Escape, by definition, is rarely easy, and in Uncultured, Daniella Mestyanek Young illustrates just how difficult it can be. Leaving the Children of God, the cult she was born into, and surviving the U.S. Army, a group she chose to enlist in as a young adult, have both left many scars. Lucky for readers, she found her way through both experiences and then wrote it all down.
The Children of God, founded in California in 1969 by “failed fifty-year-old preacher” David Berg, appealed to members of the counterculture as a spiritual path to inner peace. The author’s mother grew up in “the Family,” as their cult was known, and became pregnant at 14, but Mestyanek Young didn’t learn who her real father was until she was a teenager herself. By then, she had been beaten and sexually abused by various “Uncles,” who were aided and abetted by “Aunties,” who disliked Mestyanek Young’s constant questioning of and growing resistance to their many rules—including “sharing” sex as a form of God’s love. Women and girls were expected to serve men’s demands, and education for children was minimal, which made it especially difficult to transition to the wider world at age 15.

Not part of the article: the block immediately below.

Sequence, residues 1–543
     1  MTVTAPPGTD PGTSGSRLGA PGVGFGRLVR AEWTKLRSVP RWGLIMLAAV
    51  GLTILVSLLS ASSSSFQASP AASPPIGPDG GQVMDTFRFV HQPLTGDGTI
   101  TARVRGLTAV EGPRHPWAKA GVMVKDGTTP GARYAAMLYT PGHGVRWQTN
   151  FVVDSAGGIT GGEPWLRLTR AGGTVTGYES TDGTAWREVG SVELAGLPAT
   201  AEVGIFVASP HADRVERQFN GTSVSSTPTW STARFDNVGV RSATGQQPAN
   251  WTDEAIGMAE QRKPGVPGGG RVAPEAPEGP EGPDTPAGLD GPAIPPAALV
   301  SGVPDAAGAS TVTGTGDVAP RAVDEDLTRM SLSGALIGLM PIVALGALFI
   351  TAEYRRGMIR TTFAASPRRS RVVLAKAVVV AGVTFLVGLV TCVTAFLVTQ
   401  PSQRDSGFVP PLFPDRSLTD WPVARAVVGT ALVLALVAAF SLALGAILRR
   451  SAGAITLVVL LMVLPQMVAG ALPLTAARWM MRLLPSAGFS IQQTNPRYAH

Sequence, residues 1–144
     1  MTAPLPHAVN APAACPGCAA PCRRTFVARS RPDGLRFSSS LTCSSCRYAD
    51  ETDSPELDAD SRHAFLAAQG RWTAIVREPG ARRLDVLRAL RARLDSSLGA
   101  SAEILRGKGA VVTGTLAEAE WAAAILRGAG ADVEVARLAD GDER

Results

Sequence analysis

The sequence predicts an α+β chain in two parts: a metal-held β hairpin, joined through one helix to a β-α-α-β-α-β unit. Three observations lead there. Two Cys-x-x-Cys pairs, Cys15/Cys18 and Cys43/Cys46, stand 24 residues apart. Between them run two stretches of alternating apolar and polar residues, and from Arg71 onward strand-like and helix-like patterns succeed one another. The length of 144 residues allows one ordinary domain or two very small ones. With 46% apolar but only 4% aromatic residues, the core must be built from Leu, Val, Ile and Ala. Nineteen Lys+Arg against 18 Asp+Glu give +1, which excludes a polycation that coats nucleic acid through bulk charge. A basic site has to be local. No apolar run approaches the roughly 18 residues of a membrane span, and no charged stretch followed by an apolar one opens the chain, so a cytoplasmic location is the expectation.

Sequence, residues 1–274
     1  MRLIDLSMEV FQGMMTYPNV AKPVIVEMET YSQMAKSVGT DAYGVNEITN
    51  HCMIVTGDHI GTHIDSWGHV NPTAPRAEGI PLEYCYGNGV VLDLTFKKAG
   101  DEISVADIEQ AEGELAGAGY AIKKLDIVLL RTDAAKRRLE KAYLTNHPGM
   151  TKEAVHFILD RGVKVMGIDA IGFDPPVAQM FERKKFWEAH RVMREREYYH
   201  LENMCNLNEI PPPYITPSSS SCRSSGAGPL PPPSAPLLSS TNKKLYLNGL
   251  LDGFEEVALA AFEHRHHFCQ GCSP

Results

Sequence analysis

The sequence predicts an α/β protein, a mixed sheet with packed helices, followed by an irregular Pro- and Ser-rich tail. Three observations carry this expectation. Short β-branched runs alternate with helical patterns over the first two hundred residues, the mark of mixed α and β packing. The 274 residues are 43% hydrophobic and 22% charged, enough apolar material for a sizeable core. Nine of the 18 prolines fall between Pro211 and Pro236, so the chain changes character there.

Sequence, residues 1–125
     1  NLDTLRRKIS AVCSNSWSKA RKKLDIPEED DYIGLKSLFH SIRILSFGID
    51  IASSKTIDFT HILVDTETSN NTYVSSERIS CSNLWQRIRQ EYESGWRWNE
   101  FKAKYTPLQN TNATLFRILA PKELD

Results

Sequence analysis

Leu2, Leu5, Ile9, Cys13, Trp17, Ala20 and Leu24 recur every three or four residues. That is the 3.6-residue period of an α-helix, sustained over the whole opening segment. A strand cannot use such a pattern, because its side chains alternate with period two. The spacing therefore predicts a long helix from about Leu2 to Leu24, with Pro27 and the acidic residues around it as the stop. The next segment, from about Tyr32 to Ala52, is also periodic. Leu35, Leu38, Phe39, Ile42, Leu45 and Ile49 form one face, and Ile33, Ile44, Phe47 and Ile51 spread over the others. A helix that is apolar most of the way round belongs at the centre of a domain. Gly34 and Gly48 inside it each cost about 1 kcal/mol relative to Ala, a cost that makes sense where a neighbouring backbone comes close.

As hard as it is to absorb the grotesque details of her childhood, so unflinchingly disclosed, reading about Mestyanek Young’s life after leaving the cult behind is no easier on the heart. Her career as one of the first female combatants in Afghanistan helped elevate her to a captain, while making her an easy target for soldiers unused to such parity. As the Army slowly learned to accommodate women, she was repeatedly warned, “Don’t get raped.” But what, she wondered, were the men being warned about?
Mestyanek Young ponders not the differences between these two groups—God’s Army and the U.S. Army—but their similarities. Uncultured vividly cautions readers to choose a group in which you can be yourself—and be free.